Rising With The Sun Is A Super Healthy Practice. Here's How To Actually Do It
Last Sunday morning, my alarm went off at 5:40 on the dot. It was the first weekend I'd woken up before the sun in what felt like ages, and I was less than bright-eyed and bushy-tailed as I made my way downstairs for the final day of revitalize—mindbodygreen's annual wellness conference in the Arizona desert.
Eager as I was to tag along on the early morning hike up a nearby trail, I wasn't used to being active this early and the thought of moving was pretty daunting. As soon as I laid eyes on our hike's leaders, though, I immediately felt my energy perk up a few notches. Jasmine Hemsley, the glowy wellness expert and cookbook author behind Hemsley + Hemsley, and Stephen and David Flynn, the twins who brought healthy eating to Ireland with their line of cafés and plant-based snacks, The Happy Pear, introduced themselves with enough gusto to bring a smile to even the most caffeine-deprived among us (probably me).
The science and spirituality behind waking up with the sun.
As the trio set off to lead us into the mountains, I couldn't help but wonder what their secret was. Jasmine then got to telling me that waking up before sunrise was a common practice for her—one that she had adopted after studying ayurveda for her East by West popup in London (and upcoming book of the same name!). Ayurveda is an ancient Indian healing modality that aims to prevent disease by balancing the three energy fields—or doshas—in the body using food, rest, and herbs. In ayurvedic philosophy, the time right before sunrise is filled with energy of the Vata dosha, which promotes movement and stamina. Therefore, retiring to bed before 10 p.m. (the time associated with a slower, restful Kapha energy) and waking up before 6 a.m. will allow you to harness the mental alertness that the first light of sun carries.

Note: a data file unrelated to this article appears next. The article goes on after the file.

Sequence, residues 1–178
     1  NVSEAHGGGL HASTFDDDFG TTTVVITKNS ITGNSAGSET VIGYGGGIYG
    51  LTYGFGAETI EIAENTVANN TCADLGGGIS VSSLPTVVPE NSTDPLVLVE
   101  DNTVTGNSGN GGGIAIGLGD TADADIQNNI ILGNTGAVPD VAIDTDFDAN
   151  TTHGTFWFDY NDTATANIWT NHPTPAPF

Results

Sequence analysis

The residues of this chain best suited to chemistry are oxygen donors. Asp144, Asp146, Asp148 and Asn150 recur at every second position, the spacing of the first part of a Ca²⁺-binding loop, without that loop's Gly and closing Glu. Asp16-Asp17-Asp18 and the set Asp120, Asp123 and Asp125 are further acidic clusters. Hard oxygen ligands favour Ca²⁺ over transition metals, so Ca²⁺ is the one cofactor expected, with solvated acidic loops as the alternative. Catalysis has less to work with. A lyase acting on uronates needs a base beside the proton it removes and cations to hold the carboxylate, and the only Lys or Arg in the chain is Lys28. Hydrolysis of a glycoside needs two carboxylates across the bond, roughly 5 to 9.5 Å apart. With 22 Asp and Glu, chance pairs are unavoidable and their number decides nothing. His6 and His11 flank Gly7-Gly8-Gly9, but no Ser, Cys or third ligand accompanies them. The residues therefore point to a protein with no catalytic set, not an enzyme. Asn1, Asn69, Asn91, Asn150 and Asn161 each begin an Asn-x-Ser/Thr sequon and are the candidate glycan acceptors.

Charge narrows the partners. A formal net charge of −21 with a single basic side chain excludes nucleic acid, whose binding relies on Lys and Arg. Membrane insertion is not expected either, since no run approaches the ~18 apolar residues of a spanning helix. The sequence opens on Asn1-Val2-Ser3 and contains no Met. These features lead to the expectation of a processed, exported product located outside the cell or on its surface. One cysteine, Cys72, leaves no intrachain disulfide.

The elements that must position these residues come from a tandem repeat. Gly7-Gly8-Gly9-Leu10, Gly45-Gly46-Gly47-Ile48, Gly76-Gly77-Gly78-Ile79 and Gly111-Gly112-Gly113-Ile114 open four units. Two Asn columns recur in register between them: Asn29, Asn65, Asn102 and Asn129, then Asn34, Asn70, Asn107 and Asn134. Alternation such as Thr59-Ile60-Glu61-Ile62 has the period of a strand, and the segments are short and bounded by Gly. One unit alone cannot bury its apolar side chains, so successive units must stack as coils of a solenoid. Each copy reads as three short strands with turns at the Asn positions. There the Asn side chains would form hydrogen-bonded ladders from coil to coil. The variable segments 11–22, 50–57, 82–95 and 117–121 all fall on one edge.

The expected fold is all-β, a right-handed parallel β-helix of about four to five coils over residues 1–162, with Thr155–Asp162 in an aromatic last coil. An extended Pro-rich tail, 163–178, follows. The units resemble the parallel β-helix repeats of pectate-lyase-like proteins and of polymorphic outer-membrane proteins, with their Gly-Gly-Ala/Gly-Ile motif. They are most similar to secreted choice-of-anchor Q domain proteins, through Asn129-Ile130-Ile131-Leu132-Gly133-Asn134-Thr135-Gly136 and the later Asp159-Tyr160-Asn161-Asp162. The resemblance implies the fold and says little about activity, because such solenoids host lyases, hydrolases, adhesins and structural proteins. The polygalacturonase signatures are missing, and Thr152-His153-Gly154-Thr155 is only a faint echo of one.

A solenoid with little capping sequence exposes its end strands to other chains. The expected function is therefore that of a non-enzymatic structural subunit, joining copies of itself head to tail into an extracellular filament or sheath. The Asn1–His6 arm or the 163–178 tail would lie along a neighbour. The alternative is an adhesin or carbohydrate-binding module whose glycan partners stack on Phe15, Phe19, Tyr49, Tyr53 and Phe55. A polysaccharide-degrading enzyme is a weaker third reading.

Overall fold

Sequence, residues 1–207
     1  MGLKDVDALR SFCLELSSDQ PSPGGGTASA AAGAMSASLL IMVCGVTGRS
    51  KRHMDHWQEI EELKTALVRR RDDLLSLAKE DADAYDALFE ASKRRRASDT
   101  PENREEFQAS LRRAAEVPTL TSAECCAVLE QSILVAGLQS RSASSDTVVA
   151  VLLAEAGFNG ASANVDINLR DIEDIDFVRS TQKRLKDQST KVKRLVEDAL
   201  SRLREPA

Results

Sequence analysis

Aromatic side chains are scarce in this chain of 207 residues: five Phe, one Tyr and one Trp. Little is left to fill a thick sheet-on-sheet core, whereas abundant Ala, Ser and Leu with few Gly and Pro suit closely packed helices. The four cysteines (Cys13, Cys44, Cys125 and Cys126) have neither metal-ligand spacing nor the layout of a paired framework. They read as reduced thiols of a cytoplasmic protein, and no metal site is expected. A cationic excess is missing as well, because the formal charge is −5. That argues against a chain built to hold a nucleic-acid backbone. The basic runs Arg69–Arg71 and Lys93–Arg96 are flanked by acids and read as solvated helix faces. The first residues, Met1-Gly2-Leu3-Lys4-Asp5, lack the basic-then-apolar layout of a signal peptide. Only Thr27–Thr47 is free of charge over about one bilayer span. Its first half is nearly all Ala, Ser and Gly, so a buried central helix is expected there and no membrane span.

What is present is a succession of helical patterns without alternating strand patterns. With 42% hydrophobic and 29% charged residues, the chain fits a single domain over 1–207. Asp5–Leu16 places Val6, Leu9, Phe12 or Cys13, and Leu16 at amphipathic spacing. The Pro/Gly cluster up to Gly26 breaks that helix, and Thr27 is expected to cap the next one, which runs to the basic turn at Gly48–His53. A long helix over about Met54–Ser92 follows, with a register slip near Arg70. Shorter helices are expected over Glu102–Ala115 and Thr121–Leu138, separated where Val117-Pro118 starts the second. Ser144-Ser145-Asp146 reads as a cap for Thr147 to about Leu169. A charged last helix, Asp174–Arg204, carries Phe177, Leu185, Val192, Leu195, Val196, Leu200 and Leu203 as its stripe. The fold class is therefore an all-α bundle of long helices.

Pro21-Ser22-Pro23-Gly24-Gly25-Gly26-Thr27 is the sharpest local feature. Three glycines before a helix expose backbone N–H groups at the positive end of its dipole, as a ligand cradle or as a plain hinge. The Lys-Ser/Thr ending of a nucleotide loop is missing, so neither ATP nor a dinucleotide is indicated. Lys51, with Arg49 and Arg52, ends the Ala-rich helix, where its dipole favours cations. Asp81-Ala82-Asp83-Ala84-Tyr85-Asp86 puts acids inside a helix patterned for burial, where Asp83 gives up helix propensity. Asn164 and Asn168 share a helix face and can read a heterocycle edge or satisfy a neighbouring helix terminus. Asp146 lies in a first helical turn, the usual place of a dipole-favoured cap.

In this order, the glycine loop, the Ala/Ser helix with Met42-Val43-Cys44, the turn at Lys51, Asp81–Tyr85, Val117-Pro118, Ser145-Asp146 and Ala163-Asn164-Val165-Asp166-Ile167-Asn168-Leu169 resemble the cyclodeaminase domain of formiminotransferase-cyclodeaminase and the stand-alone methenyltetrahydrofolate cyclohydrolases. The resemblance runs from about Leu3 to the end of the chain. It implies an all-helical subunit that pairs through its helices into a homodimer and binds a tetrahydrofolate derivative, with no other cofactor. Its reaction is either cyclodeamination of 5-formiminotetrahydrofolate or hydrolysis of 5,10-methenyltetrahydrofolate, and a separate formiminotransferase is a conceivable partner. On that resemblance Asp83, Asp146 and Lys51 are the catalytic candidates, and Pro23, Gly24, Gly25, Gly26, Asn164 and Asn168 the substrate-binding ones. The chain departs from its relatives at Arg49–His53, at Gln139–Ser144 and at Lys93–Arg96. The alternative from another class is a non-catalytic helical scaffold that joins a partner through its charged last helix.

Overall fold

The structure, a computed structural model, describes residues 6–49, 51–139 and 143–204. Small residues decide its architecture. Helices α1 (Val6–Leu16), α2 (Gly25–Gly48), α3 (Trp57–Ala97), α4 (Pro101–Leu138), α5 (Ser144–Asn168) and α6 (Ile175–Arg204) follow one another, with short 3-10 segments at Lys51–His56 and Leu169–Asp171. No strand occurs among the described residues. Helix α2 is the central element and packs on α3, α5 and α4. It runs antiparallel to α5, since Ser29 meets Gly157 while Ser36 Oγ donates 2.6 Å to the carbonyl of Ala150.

Hemsley explained that our tech obsession has steered us away from this age-old practice of going to bed with the moon and waking up with the sun, but if you go camping without your phone, your body will naturally want to get into this rhythm.
I listened to how her new sleep routine has increased her energy and vitality as we made our way up the cacti-splashed terrain, the sun steadily rising with us. Soon, the surrounding mountains were engulfed in a glorious sunny fire, and the world around us took on a shine that only the dawn can deliver.
Tiffany Lester, M.D., functional medicine expert and medical director of Parsley Health San Francisco, was there for the magic, and it left her inspired to take a page from Hemsley's book and make a practice of getting moving before the sun.
"For the last three days I have risen without an alarm clock before dawn and worked out with either yoga or a hike," she told mbg this week. "I was already a natural morning person, but the past few days I have felt more productive and energized throughout the day. The combination of waking up while it's still dark outside and exercising has reinforced my natural circadian rhythm." When you consider the circadian rhythm, ayurveda's sleep-wake principles make a lot of sense.